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Revill v Newbery [1996] 2 WLR 239 Court of Appeal

Mr Newbery was a 76 year old man. He owned an allotment which had a shed in which he kept various valuable items. The shed was subject to frequent break ins and vandalism. Mr Newbery had taken to sleeping in his shed armed with a 12 bore shot gun.

Mr Revill was a 21 year old man who on the night in question, accompanied by a Mr Grainger, went to the shed at 2.00 am in order to break in. Mr Newbery awoke, picked up the shot gun and fired it through a small hole in the door to the shed. The shot hit Mr Revill in the arm. It passed right through the arm and entered his chest. Both parties were prosecuted for the criminal offences committed. Mr Revill pleaded guilty and was sentenced. Mr Newbery was acquitted of wounding. Mr Revill brought a civil action against Mr Newbery for the injuries he suffered. Mr Newbery raised the defence of ex turpi causa, accident, self-defence and contributory negligence.


The Claimants action was successful but his damages were reduced by 2/3 under the Law Reform (Contributory Negligence) Act 1945 to reflect his responsibility for his own injuries.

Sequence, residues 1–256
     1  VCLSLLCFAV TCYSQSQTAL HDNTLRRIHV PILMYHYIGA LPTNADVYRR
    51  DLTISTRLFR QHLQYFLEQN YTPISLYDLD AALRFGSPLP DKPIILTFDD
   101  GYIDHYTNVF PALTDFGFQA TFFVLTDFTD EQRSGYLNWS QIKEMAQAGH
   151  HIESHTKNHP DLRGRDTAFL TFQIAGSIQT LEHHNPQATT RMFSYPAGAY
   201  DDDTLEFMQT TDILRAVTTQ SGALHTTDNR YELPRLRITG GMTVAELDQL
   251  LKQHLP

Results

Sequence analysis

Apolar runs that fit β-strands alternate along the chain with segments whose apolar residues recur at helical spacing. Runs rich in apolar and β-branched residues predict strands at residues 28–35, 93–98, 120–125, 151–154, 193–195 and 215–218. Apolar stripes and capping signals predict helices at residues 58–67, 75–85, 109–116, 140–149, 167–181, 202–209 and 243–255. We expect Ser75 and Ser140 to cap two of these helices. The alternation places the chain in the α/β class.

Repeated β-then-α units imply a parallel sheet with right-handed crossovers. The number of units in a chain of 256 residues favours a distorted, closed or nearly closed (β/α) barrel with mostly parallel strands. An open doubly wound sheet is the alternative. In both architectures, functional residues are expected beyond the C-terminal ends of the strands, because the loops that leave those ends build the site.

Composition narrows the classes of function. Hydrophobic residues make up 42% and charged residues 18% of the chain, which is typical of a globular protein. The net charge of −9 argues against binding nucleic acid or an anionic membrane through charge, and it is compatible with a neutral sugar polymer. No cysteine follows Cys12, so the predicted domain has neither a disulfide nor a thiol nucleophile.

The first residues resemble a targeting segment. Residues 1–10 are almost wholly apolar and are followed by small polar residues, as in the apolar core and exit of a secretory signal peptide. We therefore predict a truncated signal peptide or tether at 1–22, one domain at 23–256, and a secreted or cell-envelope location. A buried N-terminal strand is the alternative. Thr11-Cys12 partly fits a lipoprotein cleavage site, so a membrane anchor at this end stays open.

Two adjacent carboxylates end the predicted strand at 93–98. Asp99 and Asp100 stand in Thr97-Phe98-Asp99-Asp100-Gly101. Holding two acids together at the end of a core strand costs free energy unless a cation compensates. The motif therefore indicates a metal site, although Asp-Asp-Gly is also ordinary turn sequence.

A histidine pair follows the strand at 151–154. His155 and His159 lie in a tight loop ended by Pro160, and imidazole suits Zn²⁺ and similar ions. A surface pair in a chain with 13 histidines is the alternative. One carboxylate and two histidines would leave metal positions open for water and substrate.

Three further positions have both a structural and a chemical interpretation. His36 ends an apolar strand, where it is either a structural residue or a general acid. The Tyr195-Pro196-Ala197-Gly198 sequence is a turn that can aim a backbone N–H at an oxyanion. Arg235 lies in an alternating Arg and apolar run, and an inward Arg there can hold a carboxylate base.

On the application of ex turpi causa Neill LJ:
"For the purposes of the present judgment I do not find it necessary to consider further the joint criminal enterprise cases or the application of the doctrine of ex turpi causa in other areas of the law of tort. It is sufficient for me to confine my attention to the liability of someone in the position of Mr. Newbery towards an intruding burglar. It seems to me to be clear that, by enacting section 1 of the 1984 Act, Parliament has decided that an occupier cannot treat a burglar as an outlaw and has defined the scope of the duty owed to him. As I have already indicated, a person other than an occupier owes a similar duty to an intruder such as Mr. Revill. In paragraph 32 of their 1976 Report the Law Commission rejected the suggestion that there should be no duty at all owed to a trespasser who was engaged in a serious criminal enterprise."
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